The Culture Wall presents Four thousand threads
During the month of December the As You Change So Do I Culture Wall featured artist Dick Jewell’s projection piece Four thousand threads.
Dick Jewell’s artistic practice began with photography and how it influences and informs society. Jewell’s work focused on how photography is used throughout life, from family albums to magazines and newspapers in editorial and advertising. These subjects went on to influence his later work in print and film.
Dick Jewell talks about his project for the Culture Wall.
Q) How Did you get involved in this project?
A) “Mark Titchner offered me the opportunity to participate in the Luton Investment Project ‘As You Change So Do I’ utilising large-scale video projection, having seen my most recent book ‘Four Thousand Threads’. He explained that one of the main concerns was to do with language and how this relates to online image searches.”
Q) Tell us a bit about your book?
A) “My book had come about in consideration of the development of digital technology giving us the opportunity to capture every possible moment and how sharing these images online affects communal behaviour, both in the images we choose to snap as well as how we act; to emphasise this every image is presented in sequence, the gap between one image and the next to be seamlessly bridged by the viewers own perception.”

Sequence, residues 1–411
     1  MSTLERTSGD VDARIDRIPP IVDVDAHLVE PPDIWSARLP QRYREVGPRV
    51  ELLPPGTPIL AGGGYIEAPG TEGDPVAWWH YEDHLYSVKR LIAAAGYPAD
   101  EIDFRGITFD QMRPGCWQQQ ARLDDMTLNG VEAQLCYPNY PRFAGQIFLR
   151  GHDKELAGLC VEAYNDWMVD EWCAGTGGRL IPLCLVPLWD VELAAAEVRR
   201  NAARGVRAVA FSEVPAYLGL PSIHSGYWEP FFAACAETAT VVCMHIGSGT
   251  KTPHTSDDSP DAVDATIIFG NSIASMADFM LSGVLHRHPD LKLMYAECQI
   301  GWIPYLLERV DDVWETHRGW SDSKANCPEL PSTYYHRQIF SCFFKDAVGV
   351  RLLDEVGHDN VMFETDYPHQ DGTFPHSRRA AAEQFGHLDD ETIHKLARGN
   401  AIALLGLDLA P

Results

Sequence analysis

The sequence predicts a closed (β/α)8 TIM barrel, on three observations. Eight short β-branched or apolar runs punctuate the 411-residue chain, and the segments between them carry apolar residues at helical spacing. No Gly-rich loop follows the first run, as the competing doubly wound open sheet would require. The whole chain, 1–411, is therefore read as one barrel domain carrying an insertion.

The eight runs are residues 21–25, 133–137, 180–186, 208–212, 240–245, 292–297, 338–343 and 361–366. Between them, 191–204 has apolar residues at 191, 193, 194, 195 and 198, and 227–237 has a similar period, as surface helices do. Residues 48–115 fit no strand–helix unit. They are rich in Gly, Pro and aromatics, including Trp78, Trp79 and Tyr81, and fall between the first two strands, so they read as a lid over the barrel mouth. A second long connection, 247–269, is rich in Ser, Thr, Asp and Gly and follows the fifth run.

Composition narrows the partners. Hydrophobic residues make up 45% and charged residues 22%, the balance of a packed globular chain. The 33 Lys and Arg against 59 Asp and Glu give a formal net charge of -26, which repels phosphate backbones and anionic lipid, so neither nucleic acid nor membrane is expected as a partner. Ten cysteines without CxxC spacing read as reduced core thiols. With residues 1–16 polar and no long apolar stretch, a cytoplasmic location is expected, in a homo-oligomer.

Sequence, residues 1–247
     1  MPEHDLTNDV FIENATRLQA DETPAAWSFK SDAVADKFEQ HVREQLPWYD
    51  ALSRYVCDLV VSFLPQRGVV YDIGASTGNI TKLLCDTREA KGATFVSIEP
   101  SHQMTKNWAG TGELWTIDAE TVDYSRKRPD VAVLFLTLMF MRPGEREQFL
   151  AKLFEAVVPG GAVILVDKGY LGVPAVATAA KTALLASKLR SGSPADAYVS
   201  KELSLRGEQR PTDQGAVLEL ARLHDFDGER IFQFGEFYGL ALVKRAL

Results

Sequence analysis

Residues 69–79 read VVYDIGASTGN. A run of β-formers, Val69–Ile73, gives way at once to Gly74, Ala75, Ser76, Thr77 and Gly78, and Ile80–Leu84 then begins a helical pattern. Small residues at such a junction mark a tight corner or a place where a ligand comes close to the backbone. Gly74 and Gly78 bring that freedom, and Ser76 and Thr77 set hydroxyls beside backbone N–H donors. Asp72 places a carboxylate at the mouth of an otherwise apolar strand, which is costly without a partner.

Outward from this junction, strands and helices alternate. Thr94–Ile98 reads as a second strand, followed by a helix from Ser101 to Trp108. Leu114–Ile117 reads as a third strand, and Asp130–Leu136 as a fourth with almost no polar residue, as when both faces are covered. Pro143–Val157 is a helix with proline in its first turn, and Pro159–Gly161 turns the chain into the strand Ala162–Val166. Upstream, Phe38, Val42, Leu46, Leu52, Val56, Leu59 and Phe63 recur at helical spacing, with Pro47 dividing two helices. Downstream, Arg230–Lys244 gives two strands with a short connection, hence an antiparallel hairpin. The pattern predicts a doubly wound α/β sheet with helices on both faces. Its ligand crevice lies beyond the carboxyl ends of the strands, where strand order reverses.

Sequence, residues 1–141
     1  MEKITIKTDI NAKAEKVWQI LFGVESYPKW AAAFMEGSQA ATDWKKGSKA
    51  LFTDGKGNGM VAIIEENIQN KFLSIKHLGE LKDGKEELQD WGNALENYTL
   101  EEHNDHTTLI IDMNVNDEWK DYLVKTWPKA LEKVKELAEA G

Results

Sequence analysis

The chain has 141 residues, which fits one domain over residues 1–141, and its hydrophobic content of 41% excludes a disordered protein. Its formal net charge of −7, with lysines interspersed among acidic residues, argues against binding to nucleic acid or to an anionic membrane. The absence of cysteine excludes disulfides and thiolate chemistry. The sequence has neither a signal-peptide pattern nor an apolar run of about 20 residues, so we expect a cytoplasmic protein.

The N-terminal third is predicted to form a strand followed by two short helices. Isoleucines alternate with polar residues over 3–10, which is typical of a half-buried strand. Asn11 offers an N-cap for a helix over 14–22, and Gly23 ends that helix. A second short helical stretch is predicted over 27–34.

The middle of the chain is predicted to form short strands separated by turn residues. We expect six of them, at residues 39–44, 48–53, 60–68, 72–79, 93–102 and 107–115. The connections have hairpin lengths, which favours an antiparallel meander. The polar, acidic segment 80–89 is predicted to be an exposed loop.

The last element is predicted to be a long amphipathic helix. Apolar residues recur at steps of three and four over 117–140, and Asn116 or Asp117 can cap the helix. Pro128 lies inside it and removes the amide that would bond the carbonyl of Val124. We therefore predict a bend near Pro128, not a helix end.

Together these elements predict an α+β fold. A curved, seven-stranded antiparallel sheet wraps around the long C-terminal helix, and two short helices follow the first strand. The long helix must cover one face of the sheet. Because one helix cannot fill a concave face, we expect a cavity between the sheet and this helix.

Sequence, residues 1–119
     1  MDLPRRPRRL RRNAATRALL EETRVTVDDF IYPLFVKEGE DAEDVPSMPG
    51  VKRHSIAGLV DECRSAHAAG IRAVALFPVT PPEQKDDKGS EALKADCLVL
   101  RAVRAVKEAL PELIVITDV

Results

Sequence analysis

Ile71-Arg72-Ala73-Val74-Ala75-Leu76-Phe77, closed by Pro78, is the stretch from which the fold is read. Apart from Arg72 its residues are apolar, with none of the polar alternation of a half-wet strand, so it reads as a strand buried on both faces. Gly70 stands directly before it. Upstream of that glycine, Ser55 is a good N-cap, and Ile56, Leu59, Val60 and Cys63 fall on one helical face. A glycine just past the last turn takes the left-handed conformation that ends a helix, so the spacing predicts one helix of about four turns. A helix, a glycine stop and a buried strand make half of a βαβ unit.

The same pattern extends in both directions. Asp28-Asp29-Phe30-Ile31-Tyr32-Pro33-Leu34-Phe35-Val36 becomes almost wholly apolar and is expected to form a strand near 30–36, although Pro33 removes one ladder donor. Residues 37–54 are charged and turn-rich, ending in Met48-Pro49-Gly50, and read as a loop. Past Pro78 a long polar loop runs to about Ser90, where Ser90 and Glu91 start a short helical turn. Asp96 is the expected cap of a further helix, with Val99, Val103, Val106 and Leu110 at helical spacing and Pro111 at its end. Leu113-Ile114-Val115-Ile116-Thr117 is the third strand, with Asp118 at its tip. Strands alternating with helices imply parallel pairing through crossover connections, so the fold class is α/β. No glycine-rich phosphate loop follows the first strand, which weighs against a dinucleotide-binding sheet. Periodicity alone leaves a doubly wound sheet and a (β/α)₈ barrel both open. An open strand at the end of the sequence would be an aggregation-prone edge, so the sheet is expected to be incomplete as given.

Q) How does your book link with this project then?
A) “It made perfect sense to me that this would work as a projection in a public space as it’s directly concerning folk culture through the mimetic spread of imagery, society’s compulsion to imitate, whilst at the same time embracing language in the three components of rhetoric inventio (the selection of matter or elements), dispositio (the arrangement of those elements) and elucutio (the style of presentation). To this end I produced a film, ‘Three Thousand Threads’, for projection onto Luton’s Culture Wall.” Dick Jewell
About the Artist
Dick Jewell graduated from the Royal College of Art (Printmaking MA) in 1978 and has gone on to develop an extraordinary career as an artist/printmaker and filmmaker. His studio practice utilises film, video, and photography and also explores photographic and digital anthologies via photomontage and animation. His working practice is diverse, he has published three books and his films have screened extensively within both film festivals and art galleries, while he still continues to work commercially as a cameraman within both the fashion and music industries. Dick has special interest and responsibility for the digital, photographic and moving-image media.